"I salute you ... and I feel you should be incredibly proud that in the final handful of weeks you've stood firm, and you have refused to be intimated by the threats of a modest bunch of Zionist hoodlums," Redgrave said to the crowd as the Academy members booed.
With out pausing, Redgrave continued, "Whose behavior is an insult to the stature of Jews all more than the planet and to their good and heroic record of struggle against fascism and oppression."
"And I salute that record, and I salute all of you, for having stood firm and possessing dealt a final blow against that period when Nixon and McCarthy launched a worldwide witch-hunt," she mentioned, which was met with extra boos. "Against these who tried to express in their lives and their operate the truth that they believed in. I salute you and I thank you and I pledge to you that I will continue to fight against antisemitism and fascism."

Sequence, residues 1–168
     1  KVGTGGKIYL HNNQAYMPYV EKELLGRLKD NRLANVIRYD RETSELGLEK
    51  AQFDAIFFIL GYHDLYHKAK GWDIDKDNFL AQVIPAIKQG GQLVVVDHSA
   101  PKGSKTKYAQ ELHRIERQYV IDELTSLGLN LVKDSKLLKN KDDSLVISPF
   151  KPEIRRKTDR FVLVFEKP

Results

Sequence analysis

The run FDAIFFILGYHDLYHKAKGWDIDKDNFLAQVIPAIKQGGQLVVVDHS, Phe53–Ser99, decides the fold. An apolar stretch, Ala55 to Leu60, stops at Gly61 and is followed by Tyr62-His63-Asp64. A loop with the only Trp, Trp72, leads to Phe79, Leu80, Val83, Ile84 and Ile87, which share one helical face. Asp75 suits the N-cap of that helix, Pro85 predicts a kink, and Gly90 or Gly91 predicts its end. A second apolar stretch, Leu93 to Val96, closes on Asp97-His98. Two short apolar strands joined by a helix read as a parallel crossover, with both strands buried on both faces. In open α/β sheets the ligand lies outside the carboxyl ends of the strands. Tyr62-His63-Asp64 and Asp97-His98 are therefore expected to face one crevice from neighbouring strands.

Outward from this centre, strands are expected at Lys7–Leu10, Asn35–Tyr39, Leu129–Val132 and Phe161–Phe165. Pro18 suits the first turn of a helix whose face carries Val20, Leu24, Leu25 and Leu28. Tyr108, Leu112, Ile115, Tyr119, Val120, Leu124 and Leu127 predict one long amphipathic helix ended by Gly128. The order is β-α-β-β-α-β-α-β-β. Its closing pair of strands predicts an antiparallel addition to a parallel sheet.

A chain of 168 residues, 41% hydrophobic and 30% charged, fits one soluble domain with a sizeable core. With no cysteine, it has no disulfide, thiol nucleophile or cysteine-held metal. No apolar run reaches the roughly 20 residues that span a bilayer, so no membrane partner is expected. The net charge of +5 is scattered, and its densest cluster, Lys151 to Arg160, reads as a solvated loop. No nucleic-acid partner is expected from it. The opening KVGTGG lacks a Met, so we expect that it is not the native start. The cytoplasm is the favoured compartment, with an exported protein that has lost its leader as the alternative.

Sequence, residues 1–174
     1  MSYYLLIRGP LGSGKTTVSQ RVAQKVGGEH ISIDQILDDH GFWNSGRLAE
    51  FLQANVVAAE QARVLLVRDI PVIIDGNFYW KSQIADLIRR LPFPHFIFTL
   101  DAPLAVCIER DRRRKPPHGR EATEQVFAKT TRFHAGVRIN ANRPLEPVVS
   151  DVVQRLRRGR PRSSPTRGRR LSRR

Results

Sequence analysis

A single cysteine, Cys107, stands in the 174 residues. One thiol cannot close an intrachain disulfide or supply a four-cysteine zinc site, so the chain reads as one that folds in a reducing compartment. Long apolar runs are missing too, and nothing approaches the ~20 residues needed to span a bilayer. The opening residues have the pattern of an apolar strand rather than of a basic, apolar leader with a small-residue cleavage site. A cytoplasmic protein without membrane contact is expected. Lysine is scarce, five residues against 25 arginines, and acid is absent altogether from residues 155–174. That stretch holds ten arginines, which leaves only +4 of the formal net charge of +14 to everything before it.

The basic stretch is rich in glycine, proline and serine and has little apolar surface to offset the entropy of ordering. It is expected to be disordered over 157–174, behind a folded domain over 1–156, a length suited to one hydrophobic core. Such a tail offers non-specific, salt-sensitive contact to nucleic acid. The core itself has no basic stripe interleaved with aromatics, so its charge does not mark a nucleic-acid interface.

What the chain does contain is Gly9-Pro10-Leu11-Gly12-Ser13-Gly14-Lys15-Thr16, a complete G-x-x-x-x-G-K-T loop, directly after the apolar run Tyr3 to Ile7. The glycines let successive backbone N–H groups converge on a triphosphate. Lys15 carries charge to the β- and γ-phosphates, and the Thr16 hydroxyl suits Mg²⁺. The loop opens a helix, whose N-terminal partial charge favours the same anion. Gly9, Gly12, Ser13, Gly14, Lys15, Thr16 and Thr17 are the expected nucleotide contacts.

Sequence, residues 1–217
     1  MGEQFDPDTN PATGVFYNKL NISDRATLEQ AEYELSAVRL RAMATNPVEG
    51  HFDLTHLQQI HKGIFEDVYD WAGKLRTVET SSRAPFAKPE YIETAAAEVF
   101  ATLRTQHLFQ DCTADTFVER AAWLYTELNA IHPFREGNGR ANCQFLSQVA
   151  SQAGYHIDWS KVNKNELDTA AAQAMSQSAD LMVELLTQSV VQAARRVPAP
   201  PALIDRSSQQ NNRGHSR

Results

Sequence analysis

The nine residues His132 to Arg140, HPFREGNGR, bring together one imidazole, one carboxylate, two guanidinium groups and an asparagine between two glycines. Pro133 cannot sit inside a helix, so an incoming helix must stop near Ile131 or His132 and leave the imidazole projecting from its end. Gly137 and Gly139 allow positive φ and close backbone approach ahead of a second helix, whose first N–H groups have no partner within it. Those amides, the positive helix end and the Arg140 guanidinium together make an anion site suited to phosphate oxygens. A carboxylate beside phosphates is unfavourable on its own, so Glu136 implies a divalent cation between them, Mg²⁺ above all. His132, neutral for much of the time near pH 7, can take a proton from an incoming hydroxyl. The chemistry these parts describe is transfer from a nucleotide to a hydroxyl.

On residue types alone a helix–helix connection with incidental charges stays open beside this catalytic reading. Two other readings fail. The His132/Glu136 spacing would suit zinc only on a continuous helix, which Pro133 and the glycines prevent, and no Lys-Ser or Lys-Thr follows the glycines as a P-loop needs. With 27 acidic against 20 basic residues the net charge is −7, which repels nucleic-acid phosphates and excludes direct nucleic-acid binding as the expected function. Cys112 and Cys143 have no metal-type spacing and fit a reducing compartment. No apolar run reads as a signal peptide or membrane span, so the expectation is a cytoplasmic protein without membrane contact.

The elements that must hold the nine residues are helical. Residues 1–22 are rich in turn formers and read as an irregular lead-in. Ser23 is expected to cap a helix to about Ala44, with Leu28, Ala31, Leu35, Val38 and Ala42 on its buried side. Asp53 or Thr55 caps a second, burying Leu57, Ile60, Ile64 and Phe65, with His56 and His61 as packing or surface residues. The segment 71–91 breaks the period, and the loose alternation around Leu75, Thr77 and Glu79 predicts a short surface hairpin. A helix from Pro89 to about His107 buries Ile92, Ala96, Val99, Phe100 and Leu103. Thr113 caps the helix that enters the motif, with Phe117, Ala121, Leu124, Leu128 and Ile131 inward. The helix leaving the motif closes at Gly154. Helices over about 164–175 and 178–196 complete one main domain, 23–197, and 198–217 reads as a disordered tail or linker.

When Redgrave was very first nominated, she was "opposed very aggressively by Jewish groups mainly because of her help of Palestinians," mentioned Akira Mizuta Lippit, vice dean of faculty at the University of Southern California's College of Cinematic Arts.
Supporters of the Jewish Defense League picketed outside the awards ceremony and burned an effigy of Redgrave.
"There was a massive protest," Lippit told ABC News. "And she spoke out against the protest and praised the Academy for moving forward with her nomination."
Travers said Redgrave "referred to as it as she saw it ... she referred to as people 'hoodlums' -- she was angry, there were protesters outside" and she resented that they have been carrying placards against her due to the fact of her position on Palestinians.
But "there was tremendous backlash at the time for her obtaining something political to say," Travers mentioned.
Lippit stated Redgrave faced so a great deal backlash after that speech for the reason that her fellow Academy members thought it was "inappropriate to take a political stance at a ceremonial occasion like this."